Block Storage tiers offered by AWS and Azure also differ in IOPS and Throughput performance characteristics. We will cover volume tiers’ performance in following sections.

AWS and Azure Block Storage Tiers Offerings

Amazon EBS volume types offer different volume size ranges, IOPS, and Throughput limitations. In most cases, pricing is based on provisioned resources.

AWS and Azure Block Storage Tiers

In December 2020, AWS announced the availability of gp3 tier, which offers cost-effective storage that is ideal for a broad range of workloads. EBS gp3 delivers a consistent baseline rate of 3,000 IOPS and 125 MiB/s included with the price of the storage and offers independent scaling of IOPS and throughput. From pricing perspective, gp3 provides up to 20% lower price per GB than existing gp2 volumes. Turbonomic was part of the private preview program with AWS, which accelerated support for gp3 storage tier and will be available in January 2021. Stay tuned for an announcement on this topic.

Azure offers two types of disks: Managed disks and Unmanaged disks. Unmanaged disks, including unmanaged Premium SSD, unmanaged Standard HDD, and require users to take care of storage accounts, encryption, data recovery plans etc. For Azure Managed Disks, Microsoft provides the following four types.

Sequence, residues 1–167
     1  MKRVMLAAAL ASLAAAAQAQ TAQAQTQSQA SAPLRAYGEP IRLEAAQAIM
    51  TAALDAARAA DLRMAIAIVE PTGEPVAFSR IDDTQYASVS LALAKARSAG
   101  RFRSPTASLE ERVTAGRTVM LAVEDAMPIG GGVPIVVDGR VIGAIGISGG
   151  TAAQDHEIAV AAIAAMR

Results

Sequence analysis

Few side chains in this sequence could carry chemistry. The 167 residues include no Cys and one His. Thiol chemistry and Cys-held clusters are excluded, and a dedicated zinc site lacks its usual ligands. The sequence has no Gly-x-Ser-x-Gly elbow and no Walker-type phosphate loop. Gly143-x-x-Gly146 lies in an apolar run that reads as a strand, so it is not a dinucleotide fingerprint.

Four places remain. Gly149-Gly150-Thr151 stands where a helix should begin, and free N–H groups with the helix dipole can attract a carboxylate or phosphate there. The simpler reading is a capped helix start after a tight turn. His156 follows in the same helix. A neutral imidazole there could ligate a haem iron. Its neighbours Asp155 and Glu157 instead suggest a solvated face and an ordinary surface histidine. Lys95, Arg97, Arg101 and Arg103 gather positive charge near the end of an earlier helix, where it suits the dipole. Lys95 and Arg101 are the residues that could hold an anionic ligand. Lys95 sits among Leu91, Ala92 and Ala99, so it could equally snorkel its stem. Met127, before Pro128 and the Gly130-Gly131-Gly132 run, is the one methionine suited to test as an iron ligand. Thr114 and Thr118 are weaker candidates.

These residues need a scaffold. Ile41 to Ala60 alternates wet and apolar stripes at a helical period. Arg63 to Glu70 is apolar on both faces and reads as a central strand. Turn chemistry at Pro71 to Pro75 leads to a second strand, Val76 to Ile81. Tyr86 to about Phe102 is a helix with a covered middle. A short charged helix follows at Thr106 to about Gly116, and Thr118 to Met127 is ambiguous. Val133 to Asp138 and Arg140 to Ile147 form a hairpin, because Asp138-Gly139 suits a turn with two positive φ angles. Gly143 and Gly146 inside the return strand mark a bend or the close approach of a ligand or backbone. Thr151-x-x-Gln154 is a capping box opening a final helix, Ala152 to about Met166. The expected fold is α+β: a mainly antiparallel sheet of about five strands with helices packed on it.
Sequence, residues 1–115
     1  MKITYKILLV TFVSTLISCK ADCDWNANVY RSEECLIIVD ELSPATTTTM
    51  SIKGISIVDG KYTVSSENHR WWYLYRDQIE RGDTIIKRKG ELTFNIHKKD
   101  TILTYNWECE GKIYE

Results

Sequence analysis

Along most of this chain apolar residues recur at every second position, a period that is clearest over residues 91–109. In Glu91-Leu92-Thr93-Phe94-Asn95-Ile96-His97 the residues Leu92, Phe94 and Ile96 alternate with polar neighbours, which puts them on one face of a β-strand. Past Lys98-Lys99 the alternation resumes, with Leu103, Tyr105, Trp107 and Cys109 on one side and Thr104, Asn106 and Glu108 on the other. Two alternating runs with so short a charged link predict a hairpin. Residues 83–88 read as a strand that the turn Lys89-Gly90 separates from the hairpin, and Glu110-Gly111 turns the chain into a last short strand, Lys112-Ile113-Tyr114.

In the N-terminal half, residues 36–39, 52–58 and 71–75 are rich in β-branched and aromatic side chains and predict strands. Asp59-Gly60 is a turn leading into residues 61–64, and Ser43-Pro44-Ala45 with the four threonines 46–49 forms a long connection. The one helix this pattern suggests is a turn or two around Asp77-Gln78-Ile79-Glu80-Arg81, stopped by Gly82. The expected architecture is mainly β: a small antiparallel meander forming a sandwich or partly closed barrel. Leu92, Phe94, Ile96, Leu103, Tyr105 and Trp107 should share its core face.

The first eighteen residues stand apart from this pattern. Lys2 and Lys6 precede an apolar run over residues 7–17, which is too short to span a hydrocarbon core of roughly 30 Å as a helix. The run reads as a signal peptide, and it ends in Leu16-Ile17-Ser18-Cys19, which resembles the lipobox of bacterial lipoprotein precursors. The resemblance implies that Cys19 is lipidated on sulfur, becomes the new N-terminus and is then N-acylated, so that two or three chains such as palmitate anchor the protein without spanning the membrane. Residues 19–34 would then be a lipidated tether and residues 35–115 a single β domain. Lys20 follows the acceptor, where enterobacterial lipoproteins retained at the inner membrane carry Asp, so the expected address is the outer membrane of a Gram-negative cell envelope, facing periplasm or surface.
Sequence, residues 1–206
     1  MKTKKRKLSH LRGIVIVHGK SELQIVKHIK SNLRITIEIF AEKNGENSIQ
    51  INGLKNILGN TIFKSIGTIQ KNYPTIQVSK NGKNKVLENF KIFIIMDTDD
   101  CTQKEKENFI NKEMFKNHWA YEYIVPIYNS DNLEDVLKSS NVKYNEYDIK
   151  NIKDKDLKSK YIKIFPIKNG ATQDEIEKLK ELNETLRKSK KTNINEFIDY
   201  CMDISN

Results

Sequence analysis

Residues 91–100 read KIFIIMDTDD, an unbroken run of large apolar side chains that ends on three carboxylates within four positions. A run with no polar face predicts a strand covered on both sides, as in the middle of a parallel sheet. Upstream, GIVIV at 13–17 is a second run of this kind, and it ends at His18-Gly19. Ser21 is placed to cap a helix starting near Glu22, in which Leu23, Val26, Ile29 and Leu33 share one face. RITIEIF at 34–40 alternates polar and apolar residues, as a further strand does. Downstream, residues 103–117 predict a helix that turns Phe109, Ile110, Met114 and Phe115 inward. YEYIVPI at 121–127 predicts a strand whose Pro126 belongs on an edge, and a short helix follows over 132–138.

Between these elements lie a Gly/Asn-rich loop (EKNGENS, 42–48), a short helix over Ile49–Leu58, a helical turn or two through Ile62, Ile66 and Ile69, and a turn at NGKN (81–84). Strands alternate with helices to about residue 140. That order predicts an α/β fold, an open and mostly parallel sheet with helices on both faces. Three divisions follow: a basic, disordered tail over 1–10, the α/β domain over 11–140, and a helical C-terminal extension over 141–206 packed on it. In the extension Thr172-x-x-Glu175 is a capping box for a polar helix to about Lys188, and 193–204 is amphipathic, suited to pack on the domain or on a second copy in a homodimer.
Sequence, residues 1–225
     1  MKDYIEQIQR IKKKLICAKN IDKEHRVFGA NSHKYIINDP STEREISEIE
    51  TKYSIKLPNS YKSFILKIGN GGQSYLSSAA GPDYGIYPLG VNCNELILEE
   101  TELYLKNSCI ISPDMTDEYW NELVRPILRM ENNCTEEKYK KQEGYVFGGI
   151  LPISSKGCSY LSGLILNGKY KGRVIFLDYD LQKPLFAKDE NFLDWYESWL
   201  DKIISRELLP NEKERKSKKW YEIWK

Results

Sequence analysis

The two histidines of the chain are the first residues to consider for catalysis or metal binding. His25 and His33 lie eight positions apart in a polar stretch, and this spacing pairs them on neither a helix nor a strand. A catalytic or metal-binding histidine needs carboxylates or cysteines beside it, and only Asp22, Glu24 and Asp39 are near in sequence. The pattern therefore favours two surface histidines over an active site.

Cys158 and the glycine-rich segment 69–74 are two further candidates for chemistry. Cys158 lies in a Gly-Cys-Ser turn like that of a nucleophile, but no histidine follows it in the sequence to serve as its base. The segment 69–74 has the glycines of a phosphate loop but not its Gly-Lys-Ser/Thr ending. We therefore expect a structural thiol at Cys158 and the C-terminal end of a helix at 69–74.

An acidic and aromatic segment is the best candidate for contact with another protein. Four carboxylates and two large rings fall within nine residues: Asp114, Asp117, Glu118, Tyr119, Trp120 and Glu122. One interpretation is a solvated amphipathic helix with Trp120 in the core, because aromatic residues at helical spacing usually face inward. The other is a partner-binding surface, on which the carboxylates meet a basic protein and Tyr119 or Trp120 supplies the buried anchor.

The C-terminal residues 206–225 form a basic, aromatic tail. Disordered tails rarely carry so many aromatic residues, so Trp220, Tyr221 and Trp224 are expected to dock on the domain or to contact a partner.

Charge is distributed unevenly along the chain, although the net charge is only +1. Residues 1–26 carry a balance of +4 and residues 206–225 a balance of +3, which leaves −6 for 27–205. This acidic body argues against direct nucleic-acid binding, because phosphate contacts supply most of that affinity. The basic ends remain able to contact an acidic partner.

Azure Managed and Unmanaged Disks

The above table displays the maximal performance offered by managed disks within an individual tier. Within each managed disk tier, Azure also defines performance granularities based on disk size. For example, based on the table below, a 1000 GiB managed Premium SSD volume will be part of P30 range and will be charged $135.17 per month and Provisioned IOPS and Throughput will be capped to 5,000 IOPS and 200 MB/s, respectively.

Azure Disk Performance

Volumes Performance and Modification Characteristics

Cloud block storage volumes have shared characteristics; different tier types provide performance capabilities with different expressions.

To choose an optimal configuration for a volume, we need to understand them before making any decisions.

  1. Volume elasticity

    For most tier types, a user can only specify volume size as needed. Based on the tier constraint, with a given size, the tier can provide a certain amount of IOPS or Throughput. For example, Amazon EBS gp2 IOPS baseline performance scales linearly at 3 IOPS per GiB of volume size. Similarly, for Azure Managed Premium SSD, P10 (128 GiB) provides 500 provisioned IOPS and 100 MB/s throughput, while P15 (256 GiB) can provide 1,100 provisioned IOPS and 125 MB/s throughput. This special characteristic for storage tiers provides the opportunity for volumes to acquire higher IOPS or Throughput capability, by simply increasing volume size.

    Amazon EBS IO1 and IO2 provide elasticity for both volume size and IOPS, and the configured IOPS guarantees sustained IOPS performance. In addition to size and IOPS, a user can also configure throughput capability with AWS GP3 and Azure Ultra SSD tiers. However, users must ensure that the IOPS and throughput values to be configured are not arbitrary, as there are internal defined limitations with volume size.